Sid Harth (USA) Metcalf & Metcalf 2010, p. 210: Quote: “Marginalized within Congress and a target for British surveillance, Bose chose to embrace the fascist powers as allies against the British and fled India, first to Hitler’s Germany, then, on a German submarine, to a Japanese-occupied Singapore. The force that he put together … known as the Indian National Army (INA) and thus claiming to represent free India, saw action against the British in Burma but accomplished little toward the goal of a march on Delhi. … Bose himself died in an airplane crash trying to reach Japanese-occupied territory in the last months of the war. His romantic saga, coupled with his defiant nationalism, has made Bose a near-mythic figure, not only in his native Bengal, but across India. It is this heroic, martial myth that is today remembered, rather than Bose’s wartime vision of a free India under the authoritarian rule of someone like himself.” Gordon & 1990 pp459–460: Quote: “Another small, but immediate, issue for the civilians in Berlin and the soldiers in training was how to address Subhas Bose. Vyas has given his view of how the term was adopted: ‘one of our [soldier] boys came forward with “Hamare Neta”. We improved upon it: “Netaji”… It must be mentioned, that Subhas Bose strongly disapproved of it. He began to yield only when he saw our military group … firmly went on calling him “Netaji”‘ (Alexander) Werth also mentioned adoption of ‘Netaji’ and observed accurately, that it ‘… combined a sense both of affection and honour …’ It was not meant to echo ‘Fuehrer’ or ‘Duce’, but to give Subhas Bose a special Indian form of reverence and this term has been universally adopted by Indians everywhere in speaking about him.” Stein 2010, pp. 305,325″: Jawaharlal Nehru and Subhas Bose were among those who, impatient with Gandhi’s programmes and methods, looked upon socialism as an alternative for nationalistic policies capable of meeting the country’s economic and social needs, as well as a link to potential international support. (p. 325) (p. 345)”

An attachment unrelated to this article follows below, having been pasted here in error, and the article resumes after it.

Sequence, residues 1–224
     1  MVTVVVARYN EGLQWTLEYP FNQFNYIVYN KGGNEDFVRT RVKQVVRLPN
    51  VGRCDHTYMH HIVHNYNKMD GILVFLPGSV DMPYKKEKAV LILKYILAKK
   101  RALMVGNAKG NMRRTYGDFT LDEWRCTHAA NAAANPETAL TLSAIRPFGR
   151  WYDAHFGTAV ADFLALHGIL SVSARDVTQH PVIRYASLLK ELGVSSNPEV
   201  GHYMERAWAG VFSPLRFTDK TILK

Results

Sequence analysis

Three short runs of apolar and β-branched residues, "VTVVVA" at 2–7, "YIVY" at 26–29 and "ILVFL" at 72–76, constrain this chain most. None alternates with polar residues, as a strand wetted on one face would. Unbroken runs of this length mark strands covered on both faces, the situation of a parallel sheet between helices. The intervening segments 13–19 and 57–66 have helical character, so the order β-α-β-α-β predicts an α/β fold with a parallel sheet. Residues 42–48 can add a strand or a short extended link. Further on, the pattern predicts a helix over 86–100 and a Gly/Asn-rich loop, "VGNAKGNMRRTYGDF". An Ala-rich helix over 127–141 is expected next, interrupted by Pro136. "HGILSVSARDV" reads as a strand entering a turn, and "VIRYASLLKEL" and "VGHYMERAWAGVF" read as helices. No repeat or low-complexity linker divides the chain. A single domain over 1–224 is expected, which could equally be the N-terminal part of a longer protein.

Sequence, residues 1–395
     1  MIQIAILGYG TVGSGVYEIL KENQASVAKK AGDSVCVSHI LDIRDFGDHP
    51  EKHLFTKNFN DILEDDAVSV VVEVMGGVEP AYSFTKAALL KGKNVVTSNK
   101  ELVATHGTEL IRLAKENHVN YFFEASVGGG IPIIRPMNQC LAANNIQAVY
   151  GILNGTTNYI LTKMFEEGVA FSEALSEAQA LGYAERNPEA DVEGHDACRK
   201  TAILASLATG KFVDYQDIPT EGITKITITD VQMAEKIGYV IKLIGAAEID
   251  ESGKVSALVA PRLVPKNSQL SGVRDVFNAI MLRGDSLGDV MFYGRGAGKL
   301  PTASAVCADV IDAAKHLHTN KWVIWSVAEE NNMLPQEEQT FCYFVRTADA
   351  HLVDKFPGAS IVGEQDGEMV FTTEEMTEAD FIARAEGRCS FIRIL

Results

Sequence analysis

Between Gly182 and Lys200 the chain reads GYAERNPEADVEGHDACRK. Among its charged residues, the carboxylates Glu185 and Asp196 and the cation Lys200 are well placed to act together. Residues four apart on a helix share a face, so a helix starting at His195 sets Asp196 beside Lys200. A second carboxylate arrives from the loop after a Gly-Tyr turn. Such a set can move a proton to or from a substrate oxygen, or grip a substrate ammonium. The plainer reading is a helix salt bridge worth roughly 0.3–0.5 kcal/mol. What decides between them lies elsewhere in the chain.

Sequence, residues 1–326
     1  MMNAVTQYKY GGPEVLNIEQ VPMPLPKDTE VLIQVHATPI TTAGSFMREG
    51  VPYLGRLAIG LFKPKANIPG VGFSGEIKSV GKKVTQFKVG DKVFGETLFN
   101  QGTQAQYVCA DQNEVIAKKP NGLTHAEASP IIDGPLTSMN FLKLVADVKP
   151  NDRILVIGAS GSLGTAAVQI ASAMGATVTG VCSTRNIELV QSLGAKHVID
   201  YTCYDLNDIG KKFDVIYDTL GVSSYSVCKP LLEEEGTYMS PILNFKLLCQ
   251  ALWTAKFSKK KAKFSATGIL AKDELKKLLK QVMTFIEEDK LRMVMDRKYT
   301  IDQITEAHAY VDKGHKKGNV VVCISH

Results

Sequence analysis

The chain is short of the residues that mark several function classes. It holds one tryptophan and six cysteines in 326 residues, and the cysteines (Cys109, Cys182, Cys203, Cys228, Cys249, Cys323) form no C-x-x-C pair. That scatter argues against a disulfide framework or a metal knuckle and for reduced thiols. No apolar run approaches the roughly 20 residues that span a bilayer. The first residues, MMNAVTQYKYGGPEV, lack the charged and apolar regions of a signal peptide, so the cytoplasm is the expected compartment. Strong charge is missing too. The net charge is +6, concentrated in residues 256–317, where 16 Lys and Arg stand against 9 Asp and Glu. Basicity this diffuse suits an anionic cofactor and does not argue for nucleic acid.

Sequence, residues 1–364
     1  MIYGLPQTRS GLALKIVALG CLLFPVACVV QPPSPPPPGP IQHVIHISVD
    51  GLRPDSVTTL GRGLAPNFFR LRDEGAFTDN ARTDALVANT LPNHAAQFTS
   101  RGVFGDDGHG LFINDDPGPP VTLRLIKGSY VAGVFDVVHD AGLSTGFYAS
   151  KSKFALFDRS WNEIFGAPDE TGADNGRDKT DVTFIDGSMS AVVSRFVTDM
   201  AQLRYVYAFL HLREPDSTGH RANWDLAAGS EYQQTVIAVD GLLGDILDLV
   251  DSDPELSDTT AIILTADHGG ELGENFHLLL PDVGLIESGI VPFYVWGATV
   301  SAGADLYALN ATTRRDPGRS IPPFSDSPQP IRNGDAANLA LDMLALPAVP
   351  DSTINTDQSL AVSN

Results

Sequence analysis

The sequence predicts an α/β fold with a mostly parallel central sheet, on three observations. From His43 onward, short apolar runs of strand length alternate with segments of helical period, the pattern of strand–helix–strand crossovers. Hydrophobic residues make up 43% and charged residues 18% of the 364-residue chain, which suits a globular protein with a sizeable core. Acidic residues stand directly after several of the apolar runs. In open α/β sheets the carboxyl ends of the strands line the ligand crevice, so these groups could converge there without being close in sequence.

Sid Harth